In short, he busies himself with reading about the other passengers, and eventually he becomes obsessed with Jennifer Lawrence’s character, Aurora. He convinces himself that if they met they would be in love and he would build her a house (it’s a theme throughout the story that automation robs humanity of an essential existential need and comfort by making it so people can’t build and create things themselves).
He decides he wants to wake her up too, but make it look like an accident, and then she will realize when she meets him that they were meant to be together.
This is, of course, all kinds of fucked up. It is the aforementioned abuse: a total disregard for the agency of women, for her life, for consent. Once you wake up you need to go to a special hospital to go back to sleep, and that’s not an option so he’s basically kidnapping her for life to use her sexually.
And, at first, it totally works. Aurora buys the deception, and since Chris Pratt’s character Jim is attractive and charming and the only person there, Aurora eventually falls for him and they fall in love. They have a sexual relationship for a while – at least a few months if not the better part of a year – before the robot bartender “spoils” things by telling her the truth.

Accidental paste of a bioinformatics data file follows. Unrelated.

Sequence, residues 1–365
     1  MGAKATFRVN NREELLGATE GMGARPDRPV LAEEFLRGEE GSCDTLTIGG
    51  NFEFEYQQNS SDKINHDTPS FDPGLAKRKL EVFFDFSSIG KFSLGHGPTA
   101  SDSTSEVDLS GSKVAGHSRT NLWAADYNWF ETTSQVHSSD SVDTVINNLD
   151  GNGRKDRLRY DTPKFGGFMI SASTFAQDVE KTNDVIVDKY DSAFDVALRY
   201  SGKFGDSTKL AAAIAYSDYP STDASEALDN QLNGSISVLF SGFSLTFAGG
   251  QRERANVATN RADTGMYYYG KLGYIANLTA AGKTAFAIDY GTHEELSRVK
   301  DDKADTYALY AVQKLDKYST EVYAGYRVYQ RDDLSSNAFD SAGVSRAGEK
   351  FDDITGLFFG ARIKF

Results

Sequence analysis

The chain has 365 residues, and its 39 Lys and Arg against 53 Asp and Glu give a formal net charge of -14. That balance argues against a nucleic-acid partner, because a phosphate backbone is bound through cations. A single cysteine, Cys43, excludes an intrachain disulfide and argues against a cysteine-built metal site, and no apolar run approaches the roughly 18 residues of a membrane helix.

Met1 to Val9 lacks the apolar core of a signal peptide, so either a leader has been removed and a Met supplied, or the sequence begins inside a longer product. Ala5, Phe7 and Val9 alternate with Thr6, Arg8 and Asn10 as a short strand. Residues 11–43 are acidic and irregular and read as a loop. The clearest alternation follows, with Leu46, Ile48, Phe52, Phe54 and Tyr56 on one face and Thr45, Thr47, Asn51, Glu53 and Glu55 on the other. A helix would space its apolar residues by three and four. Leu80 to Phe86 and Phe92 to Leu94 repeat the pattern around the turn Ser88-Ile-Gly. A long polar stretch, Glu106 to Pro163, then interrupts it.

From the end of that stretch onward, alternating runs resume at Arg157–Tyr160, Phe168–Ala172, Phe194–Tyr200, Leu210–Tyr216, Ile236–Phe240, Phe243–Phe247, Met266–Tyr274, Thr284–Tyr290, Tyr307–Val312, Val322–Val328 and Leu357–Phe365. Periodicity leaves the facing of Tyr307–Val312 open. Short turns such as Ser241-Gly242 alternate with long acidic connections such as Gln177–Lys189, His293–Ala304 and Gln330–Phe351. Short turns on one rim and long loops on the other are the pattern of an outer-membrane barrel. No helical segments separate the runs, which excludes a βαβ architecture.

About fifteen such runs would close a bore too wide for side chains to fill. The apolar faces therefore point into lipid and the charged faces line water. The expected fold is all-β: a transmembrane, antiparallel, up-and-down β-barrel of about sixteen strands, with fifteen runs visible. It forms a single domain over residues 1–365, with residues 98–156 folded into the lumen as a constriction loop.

And to the movie’s credit, what he has done is treated with appropriate horror. Aurora immediately and categorically rejects him, screams at him, won’t go near him. He tries to “woo” her over the PA system during her morning jogs, but in one of the better sequences in the movie, what’s a cute gesture from him is to her psychological torture – she shrieks and screams at him and hurls appropriate accusations at him of what he has taken from her.
It’s a great illustration of the kinds of discursive double standards that women have to deal with all the time from men who see them as objects of possession, and how wrong and disgusting that kind of behavior is.